The short answer is yes.
In New York, and indeed, in the rest of the country, the longstanding “American Rule” precludes the prevailing party from recouping legal fees from the losing party except where authorized by statute, agreement or court rule.” See U.S. Underwriters Ins. Co. v. City Club Hotel, LLC, 3 N.Y.3d 592, 597, 789 N.Y.S.2d 470, 822 N.E.ed 777 (2004).
Indemnification provisions in contracts have spurred the ingenuity of attorneys who parse the language of such provisions with an eye to extracting the essence of a right to attorney’s fees for the winning side. New York, however, has been distinctly inhospitable to such claims; in fact, in the leading case of Hooper Assoc. v. AGS Computers, 74 N.Y.2d 487, 492, 549 N.Y.S.2d 365 (1989), the Court of Appeals rejected a claim for attorney’s fees under an indemnification clause because the language of the the clause did not make it “unmistakably clear” that the winning side should be awarded such fees.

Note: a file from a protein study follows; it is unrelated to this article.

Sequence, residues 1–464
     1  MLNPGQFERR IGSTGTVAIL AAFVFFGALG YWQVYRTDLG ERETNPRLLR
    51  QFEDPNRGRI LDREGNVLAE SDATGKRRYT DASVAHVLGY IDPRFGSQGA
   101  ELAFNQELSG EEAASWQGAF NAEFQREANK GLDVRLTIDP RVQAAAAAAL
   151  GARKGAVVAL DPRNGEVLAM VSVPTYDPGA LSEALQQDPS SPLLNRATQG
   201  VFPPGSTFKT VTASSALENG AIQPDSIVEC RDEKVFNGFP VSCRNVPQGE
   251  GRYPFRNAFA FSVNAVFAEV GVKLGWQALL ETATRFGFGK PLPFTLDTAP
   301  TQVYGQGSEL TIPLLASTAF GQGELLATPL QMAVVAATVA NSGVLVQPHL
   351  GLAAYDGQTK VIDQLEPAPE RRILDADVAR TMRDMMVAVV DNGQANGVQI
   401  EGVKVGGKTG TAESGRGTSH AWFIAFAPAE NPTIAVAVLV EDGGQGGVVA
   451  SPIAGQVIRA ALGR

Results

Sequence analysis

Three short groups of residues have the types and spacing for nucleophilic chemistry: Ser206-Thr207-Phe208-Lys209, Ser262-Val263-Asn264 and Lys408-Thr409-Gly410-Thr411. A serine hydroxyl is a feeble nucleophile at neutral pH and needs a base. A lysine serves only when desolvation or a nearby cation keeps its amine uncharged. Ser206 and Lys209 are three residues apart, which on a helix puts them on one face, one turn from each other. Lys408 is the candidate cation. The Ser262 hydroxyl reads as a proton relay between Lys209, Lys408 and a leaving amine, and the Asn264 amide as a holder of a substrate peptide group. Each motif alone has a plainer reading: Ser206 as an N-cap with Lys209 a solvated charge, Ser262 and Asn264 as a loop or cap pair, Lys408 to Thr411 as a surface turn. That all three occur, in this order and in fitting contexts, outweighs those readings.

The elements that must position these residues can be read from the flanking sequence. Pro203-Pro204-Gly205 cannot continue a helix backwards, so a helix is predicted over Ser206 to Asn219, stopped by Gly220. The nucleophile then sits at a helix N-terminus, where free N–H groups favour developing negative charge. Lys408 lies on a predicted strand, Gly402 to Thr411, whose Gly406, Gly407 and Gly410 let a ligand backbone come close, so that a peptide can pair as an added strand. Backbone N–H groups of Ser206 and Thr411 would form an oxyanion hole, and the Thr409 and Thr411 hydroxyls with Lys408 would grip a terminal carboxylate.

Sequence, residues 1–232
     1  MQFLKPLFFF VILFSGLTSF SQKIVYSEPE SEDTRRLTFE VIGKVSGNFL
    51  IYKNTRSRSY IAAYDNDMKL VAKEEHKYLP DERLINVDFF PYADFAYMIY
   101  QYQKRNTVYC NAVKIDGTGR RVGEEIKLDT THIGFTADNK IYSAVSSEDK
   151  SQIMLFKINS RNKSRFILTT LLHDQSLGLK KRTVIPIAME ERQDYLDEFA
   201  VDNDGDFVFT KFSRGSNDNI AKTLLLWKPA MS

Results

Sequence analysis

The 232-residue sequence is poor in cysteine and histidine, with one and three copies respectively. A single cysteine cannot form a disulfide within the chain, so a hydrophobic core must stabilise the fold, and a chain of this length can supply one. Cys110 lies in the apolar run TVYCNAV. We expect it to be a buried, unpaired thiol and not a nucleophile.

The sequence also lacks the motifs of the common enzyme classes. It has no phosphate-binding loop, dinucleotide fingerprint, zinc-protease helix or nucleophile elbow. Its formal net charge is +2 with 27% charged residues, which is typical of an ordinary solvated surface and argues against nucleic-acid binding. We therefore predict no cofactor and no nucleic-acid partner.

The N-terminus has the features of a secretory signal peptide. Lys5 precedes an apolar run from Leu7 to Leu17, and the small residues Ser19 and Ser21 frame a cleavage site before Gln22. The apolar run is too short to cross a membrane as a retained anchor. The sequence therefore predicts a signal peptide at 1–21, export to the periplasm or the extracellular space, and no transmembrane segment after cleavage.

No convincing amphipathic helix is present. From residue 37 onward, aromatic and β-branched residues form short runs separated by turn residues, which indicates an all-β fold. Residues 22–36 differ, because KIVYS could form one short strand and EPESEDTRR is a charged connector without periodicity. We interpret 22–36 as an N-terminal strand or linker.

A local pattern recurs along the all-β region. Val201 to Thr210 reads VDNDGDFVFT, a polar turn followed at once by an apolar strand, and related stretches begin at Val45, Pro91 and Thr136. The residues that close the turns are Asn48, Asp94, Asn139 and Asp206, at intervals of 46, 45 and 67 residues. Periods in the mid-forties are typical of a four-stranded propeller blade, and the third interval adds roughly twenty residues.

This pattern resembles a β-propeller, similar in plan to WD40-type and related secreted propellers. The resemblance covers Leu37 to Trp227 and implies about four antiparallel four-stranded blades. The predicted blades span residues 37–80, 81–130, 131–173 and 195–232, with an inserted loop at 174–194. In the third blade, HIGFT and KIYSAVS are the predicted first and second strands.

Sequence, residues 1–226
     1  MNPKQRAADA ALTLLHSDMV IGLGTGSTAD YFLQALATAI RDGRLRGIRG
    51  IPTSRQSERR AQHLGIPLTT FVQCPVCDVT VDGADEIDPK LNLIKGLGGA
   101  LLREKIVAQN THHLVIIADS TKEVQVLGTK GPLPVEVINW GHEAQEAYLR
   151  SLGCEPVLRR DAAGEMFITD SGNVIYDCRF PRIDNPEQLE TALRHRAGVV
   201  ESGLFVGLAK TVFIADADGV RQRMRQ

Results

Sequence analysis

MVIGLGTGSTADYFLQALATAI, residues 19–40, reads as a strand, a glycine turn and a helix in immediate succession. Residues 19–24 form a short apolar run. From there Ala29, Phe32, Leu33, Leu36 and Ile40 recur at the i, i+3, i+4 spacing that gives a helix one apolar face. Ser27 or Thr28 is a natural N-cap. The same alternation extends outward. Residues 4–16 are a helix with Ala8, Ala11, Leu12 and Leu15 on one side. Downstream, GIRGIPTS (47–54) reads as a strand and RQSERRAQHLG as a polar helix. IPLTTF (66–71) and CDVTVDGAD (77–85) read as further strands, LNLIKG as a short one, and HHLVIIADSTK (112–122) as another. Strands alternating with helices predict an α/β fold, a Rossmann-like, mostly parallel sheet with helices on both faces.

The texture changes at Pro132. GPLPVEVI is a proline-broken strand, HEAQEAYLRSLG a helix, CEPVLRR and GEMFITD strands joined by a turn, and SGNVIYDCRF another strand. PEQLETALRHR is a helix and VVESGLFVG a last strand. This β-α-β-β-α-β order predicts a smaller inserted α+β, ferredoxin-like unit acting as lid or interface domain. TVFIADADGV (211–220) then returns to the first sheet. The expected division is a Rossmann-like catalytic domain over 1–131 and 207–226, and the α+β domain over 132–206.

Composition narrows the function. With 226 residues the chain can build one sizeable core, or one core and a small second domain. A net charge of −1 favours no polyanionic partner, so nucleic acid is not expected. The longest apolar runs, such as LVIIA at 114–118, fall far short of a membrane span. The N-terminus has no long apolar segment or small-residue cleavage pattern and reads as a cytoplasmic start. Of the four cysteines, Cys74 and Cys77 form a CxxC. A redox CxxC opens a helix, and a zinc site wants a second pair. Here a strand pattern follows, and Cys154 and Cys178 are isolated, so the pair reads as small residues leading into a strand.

In New York, an indemnification provision must meet the exacting Hooper, supra, test of unmistakable intention to form the basis of an award of attorney’s fees for the prevailing party.